The touchscreen system is not the most intuitive. It required a fair amount of eyes-off-the-road time to adjust the bass setting that had kindly been ramped up to 11 by the previous user, and the Bluetooth took a while to sort itself out. Otherwise, the screen is responsive and the colours bright. Annoyingly, neither of the wheel-mounted thumb-scrolls adjust the volume—that has to be done either by the touchscreen, or by a stalk underneath the steering wheel (which happens to be very nicely trimmed and soft to the touch).


I have a bone to pick with the Kadjar’s car key. It is shaped almost exactly like an Apple mouse, just made from cheap plastic. There is no hole to add a key ring either, which meant my house keys had to rattle around loosely in my pocket. Somehow, my ageing A3 has a nicer-feeling key fob. In its favour, the handsfree keycard does automatically lock the car if you forget to press the button when walking away.



For those that are interested in aesthetics, the Kadjar is very easy on the eye from all angles. Our test car came in a deep 'flame' red, offset nicely by 19-inch 'Zeus' alloys.


As can be expected of a new car, the headlights come with full-on Dame Edna Everage daytime LEDs, which nicely emphasise a rather conservative front grille. There are lovely sweeping grooves that make the Kadjar appear almost muscly, helping to create a sense of sportiness, which ultimately feels a little misleading.


I did find myself looking back at the Kadjar after parking up. It is a handsome car that trumps competitors such as the Nissan Qashqai, Volkswagen T-Roc and Kia Stonic on the catwalk.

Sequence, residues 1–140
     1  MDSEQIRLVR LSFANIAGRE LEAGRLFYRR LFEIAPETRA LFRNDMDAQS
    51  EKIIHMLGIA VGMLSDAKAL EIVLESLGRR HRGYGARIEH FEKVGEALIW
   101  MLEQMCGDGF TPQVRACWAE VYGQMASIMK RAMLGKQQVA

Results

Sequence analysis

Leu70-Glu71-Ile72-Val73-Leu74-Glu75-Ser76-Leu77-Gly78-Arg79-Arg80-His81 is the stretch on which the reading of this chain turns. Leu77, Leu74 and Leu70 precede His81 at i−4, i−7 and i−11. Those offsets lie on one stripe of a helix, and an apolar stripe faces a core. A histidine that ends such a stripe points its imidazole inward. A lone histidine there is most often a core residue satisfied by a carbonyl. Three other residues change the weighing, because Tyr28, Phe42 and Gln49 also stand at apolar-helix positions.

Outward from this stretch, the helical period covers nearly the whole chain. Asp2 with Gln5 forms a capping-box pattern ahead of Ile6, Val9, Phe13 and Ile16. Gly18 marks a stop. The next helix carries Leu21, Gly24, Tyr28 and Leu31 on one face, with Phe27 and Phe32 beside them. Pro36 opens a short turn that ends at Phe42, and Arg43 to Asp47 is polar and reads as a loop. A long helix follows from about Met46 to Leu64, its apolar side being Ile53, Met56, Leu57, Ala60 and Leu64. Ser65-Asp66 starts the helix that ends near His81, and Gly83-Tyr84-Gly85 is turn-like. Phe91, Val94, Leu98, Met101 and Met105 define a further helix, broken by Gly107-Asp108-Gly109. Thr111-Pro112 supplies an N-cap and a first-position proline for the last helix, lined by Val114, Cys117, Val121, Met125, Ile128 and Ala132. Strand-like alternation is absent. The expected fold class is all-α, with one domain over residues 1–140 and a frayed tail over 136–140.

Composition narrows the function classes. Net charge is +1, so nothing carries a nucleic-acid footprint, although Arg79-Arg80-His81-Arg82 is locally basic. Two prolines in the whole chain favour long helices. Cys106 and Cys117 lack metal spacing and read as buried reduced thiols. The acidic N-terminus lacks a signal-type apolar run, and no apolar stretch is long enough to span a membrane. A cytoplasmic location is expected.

The verdict


Despite traversing various types of road, I still couldn’t figure out exactly why cars like the Kadjar have become so popular. Even with a couple of extra passengers, I can imagine my week may have been just as comfortable in a smaller vehicle that would be more fun to drive and less thirsty. Don’t get me wrong; the Kadjar is a perfectly capable machine but I can’t help but feel like it is just a pumped up Clio on stilts.


Alas, there is a saving grace: the Kadjar is available with four-wheel drive. Our test car was front-wheel drive, but it is comforting to know the option is there; I would argue that four-wheel drive should be standard on any car that touts the label of SUV. What’s more, that spec is only available with a diesel engine: it’s a win-win.


Maybe the Kadjar is not a fraud like the other faux-by-fours knocking around. If optioned correctly, it could reasonably be taken off-road without the worry of being stranded in a muddy festival field. It may also pay dividends during one of the UK’s sudden snow blizzards in the winter months. I’ll make sure to notify my neighbour, who blocks the junction to our road with his second car—a jacked-up Toyota Hilux—for 364 days of the year.


Price as tested: £23,550

Chutzpah rating: 3.5/5

©2018 Chutzpah Car